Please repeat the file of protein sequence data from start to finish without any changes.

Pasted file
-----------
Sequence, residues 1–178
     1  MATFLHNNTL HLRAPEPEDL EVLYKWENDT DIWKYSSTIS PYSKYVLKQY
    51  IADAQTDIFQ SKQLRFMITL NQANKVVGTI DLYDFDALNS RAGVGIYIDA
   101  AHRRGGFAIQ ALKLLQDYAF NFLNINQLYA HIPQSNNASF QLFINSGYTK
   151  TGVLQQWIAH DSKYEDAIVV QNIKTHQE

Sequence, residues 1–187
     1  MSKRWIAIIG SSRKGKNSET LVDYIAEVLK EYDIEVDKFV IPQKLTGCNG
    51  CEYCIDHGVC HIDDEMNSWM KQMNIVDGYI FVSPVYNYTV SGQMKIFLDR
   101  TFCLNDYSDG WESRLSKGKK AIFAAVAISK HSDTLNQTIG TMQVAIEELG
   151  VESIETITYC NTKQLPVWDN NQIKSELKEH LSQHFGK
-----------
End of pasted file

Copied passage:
Sequence, residues 1–178
     1  MATFLHNNTL HLRAPEPEDL EVLYKWENDT DIWKYSSTIS PYSKYVLKQY
    51  IADAQTDIFQ SKQLRFMITL NQANKVVGTI DLYDFDALNS RAGVGIYIDA
   101  AHRRGGFAIQ ALKLLQDYAF NFLNINQLYA HIPQSNNASF QLFINSGYTK
   151  TGVLQQWIAH DSKYEDAIVV QNIKTHQE

Sequence, residues 1–187
     1  MSKRWIAIIG SSRKGKNSET LVDYIAEVLK EYDIEVDKFV IPQKLTGCNG
    51  CEYCIDHGVC HIDDEMNSWM KQMNIVDGYI FVSPVYNYTV SGQMKIFLDR
   101  TFCLNDYSDG WESRLSKGKK AIFAAVAISK HSDTLNQTIG TMQVAIEELG
   151  VESIETITYC NTKQLPVWDN NQIKSELKEH LSQHFGK